MHI announces H-IIB rocket 8
Last June, Mitsubishi Heavy Industries released the core airframe of the H-IIB (H2B) rocket No. 8 at the Tobishima Plant of Nagoya Aerospace Systems Works.
The launch of the H-IIB rocket No. 8 aims to put the space station supply aircraft Konotori No. 8 (HTV-8) into a predetermined orbit and its controlled drop is then planned in the South Pacific. Since the rocket sinks as it is after dropping into the sea, no recovery work will be necessary. The launch time is currently being coordinated with the relevant agencies.
From the top, the H-IIB rocket No. 8 is composed of the HTV fairing for storing the Konotori (which means “stork” in Japanese) No. 8, the second stage liquid hydrogen tank, and the second stage liquid oxygen tank. A second stage rocket unit consisting of a second stage engine (LE-5B-2) is attached. Then the first stage includes a liquid oxygen tank, a liquid hydrogen tank, and an engine (LE-7A) that consists of two units. Four solid rocket boosters are installed around the first stage rocket.
This launch will be the fifth launch of MHI’s transportation service. It will be the first H-IIB launch in about a year since Takatori No.7 (HTV No.7) was launched in September 2018.
As regards the core of the H-IIB rocket No. 8, a part of the panel frame joint that used to be metal now uses a sandwich panel structure made of urethane materials such as CFRP (carbon fibre-reinforced plastics). This new material improves the structure’s strength while reducing its weight.
More information: www.mhi.com – Read the original article
Asahi Breweries and Panasonic jointly developed a highly concentrated cellulose fibre material
Asahi Breweries and Panasonic jointly developed a beer mug using a composite material moulded from highly concentrated cellulose fibre. Asahi, a unit of Asahi Group Holdings, expects the mug to be used at outdoor events. In August, it was sold on a trial basis for between 2 and 3 USD. The mug is made of a composite material with a cellulose fibre resin developed by Panasonic making up 55% or more of the material. It can be disposed of as combustible garbage.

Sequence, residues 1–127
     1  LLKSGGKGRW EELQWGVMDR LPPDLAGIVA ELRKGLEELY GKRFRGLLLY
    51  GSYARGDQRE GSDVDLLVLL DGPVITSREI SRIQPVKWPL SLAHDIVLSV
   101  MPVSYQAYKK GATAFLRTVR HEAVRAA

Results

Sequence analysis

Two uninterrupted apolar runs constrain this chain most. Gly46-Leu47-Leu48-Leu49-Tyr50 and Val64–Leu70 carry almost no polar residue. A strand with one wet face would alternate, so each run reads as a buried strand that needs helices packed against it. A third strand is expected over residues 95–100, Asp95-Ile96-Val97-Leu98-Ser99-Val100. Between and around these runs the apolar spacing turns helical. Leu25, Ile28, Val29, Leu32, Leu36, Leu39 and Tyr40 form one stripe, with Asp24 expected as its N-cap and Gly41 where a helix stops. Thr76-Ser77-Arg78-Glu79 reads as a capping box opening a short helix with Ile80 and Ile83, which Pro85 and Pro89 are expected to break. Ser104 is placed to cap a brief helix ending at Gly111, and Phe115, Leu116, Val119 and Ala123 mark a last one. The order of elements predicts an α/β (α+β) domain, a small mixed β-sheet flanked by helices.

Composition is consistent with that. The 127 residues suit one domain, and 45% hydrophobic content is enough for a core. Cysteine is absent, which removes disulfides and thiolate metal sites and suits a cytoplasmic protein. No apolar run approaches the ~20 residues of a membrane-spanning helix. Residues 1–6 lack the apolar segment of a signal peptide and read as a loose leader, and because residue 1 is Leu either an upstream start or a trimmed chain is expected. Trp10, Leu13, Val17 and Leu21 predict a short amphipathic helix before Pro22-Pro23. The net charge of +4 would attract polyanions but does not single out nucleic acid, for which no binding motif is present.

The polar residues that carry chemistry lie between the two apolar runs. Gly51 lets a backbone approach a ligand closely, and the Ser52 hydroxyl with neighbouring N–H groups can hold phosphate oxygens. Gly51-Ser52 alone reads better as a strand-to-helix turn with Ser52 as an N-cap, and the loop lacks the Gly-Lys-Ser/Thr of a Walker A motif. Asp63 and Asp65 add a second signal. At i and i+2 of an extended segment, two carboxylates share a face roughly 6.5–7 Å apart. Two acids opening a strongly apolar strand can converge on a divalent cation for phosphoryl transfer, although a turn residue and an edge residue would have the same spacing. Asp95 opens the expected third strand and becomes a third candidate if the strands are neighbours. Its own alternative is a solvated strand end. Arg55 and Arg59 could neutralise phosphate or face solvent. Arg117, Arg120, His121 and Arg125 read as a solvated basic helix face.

The newly developed resin contains 55% or more of a nano- to micro-micronized pulp component originally developed by Panasonic Corporation. The unique mould and resin moulding technology can achieve a unique texture and strength. The company uses the results from a previously commissioned work of the Ministry of the Environment, which was entrusted to Panasonic (FY2015 to 2017 technology development for CO2 emission reduction in a cellulose nanofibre product manufacturing process).
In addition to achieving high shape freedom and reusable strength, Asahi also expects the mug to be used as a souvenir in various events since images and characters can be freely designed. Also, the unevenness of cellulose fibre on the surface of the cup creates lasting fine bubbles of beer.
The high-density cellulose fibre moulding material is mainly made of pulp refined from lumber and other wood, providing the texture of natural wood. Since the colour changes depending on the temperature conditions when forming the cup, the desired colour can be selected from six types. It is an environmentally friendly material that can be classified as a paper product even when it is disposed of, also contributing to the reduction of plastic waste.
In recent years, environmental awareness has led to the widespread use of reusable containers in theme parks, concerts and sports venues. Using designs and images of artists and players on containers to commemorate events increases their value and encourages people to take them home as a souvenir. In August and September this year, events in Japan (Tsukuba Craft Beer Fest 2019, Satoyama Torocco, etc.) will implement the project for these beer mugs called “The Tumblers in the Forest”.